Because you are posting the information about your dog publicly, there is a chance you will be contacted by scammers claiming to have found your dog but are wanting money before they return him. The most common scam is from people claiming they were traveling when they found your dog and they want money before they make the long drive back. Don’t fall for it. It is a good idea to withhold a very specific trait about your dog when posting public lost ads. Perhaps your dog has a scar somewhere or a specific mark that is not noticeable in photographs. If a person claiming to have your dog is unwilling to verify specific marks, then they probably don’t really have your dog. A person with the heart enough to pick up an abandoned dog is not likely to ask you for money or be difficult about getting the dog back to you. However, if you are convinced that such a person may, in fact, have your dog, insist on meeting them in person and in a public place before giving them money and see if the police will escort you.
Many of these tips can help in other situations, not just a car accident. If you have any additional tips that might help, please comment below.
(This is not an official study. It is merely an observation we’ve made based on online reports. There are probably a number of situations that were not reported and may not fit in these scenarios. If you’ve lost your pet, consider all options and don’t give up.)
I posted a little bit about my road trip with my dogs, Maya and Pierson, on my American Dog Blog, but I thought I would share a few more details here. Namely, what I did to prepare and how we made sure our travel was comfortable and safe.
TO TAKE THE DOGS OR NOT TO TAKE THE DOGS
A few months ago, I made arrangements to see an alternative medicine doctor for my fibromyalgia in Wichita, Kansas. It is a five-and-a-half hour drive so we opted to drive. As always, we had to take the dogs into consideration. Despite living in Iowa for only a short time, we have met people we could trust to care for our dogs if we left. However, my husband couldn’t go and as a female I didn’t want to travel alone. And so I opted to take both dogs with me.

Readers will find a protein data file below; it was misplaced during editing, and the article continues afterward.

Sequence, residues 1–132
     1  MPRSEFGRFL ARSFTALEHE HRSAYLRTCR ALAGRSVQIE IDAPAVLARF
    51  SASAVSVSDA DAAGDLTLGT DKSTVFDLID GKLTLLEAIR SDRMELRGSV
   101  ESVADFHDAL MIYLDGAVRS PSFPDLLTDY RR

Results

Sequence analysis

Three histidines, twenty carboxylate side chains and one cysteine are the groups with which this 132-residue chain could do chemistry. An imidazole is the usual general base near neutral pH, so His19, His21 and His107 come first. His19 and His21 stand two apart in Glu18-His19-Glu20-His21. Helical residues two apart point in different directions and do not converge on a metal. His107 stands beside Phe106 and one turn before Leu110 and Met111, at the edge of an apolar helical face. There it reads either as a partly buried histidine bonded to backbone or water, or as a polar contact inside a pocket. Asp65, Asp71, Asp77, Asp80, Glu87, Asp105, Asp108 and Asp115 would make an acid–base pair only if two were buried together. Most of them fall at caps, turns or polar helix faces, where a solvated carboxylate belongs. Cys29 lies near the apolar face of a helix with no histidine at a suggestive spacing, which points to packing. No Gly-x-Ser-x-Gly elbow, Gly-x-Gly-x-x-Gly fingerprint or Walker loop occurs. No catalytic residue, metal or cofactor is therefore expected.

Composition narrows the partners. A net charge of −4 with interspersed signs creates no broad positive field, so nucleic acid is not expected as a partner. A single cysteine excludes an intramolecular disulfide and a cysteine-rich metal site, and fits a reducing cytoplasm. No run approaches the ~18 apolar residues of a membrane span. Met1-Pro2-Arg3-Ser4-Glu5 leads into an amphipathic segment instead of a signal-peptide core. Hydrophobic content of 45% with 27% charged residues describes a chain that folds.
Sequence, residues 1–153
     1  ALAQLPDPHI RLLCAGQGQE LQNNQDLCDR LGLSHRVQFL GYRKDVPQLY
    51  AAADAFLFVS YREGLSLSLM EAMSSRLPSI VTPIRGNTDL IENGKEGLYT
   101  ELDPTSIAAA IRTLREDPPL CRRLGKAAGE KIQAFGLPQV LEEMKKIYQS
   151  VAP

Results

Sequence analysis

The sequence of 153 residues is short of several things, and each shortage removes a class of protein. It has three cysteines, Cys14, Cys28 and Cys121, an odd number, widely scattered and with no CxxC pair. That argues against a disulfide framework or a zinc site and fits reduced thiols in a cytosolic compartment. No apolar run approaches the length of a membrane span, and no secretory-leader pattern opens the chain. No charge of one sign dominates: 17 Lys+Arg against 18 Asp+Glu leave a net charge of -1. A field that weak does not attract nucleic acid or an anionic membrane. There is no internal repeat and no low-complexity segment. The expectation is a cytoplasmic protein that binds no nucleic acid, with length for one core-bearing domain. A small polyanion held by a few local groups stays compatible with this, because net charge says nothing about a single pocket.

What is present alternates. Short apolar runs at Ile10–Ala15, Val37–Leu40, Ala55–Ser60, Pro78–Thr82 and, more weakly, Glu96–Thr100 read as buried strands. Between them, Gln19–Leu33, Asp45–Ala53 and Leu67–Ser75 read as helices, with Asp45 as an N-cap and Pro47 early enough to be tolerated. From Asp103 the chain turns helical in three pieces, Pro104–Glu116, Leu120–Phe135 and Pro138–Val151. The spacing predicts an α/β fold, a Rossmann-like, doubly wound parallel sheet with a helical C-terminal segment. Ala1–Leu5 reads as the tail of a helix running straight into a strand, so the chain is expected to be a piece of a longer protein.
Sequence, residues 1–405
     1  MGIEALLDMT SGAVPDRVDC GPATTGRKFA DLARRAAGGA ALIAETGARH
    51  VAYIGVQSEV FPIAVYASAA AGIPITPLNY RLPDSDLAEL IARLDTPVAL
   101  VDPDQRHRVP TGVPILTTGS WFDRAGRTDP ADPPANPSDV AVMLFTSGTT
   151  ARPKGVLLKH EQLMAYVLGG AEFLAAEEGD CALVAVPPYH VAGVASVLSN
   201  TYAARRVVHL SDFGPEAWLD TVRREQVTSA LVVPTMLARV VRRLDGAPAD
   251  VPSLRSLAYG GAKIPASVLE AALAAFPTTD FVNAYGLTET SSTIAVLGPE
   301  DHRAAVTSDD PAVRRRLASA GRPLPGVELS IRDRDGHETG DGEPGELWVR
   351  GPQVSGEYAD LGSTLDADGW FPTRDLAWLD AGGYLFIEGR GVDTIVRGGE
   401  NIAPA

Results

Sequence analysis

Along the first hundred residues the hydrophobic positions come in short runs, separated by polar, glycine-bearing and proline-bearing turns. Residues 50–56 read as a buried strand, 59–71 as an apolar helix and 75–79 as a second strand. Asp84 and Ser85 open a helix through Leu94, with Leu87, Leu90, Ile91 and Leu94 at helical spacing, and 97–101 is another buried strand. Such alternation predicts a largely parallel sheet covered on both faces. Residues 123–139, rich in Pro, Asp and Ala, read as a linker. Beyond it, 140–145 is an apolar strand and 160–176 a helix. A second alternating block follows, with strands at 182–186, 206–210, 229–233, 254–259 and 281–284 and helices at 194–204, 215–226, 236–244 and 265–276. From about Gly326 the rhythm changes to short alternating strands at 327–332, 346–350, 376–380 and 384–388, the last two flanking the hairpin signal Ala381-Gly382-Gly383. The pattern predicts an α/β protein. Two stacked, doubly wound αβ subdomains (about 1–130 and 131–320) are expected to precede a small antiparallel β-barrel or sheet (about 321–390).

I would have two doctor visits on two consecutive days, so we needed a place to stay. The medical office gave me a list of nearby hotels. However, they either didn’t allow pets at all, only allowed pets under 20lbs, or charged over $100+ per night. And so I chose the trusty Motel 6. I knew they were both inexpensive and pet friendly. And after our recent pleasant experience at a Motel 6 in Oklahoma, I hoped the one in Wichita would be the same. I was not disappointed. Check out my reviews of this Motel 6 on my American Dog Blog from both the link above and from the August 29, 2014 post.
> Don’t Leave Dogs Alone in Hotel Room
One thing I did not take into consideration during my stay at Motel 6 is that you are not supposed to leave your pets unattended in the room. I should have made doggie day care arrangements for Maya and Pierson, but didn’t think about it.
Most hotels have this rule about leaving pets and I understand why. When some dogs are left alone, they bark or will do damage to the room. Also, there could be problems when the cleaning staff tries to enter the room. Thankfully, Maya and Pierson are familiar with traveling and do well when left alone in a strange place. Pierson had his no-bark collar on. I also put a do not disturb sign on my door so the cleaning staff would not enter.
I won’t tell you everything I packed for myself, but I will tell you I made sure I had plenty of food and drink for the road trip so that I wouldn’t have to run into a convenience store and leave my dogs alone in the car. For Maya and Pierson, I packed enough dog food for two nights, water, their food and water dishes, leashes, dog car harnesses, vet records, pet first aid kit, Petz on Board sign with emergency contact info, dog beds, poo bags, treats, and the Portable Pet Travel Flat Seat.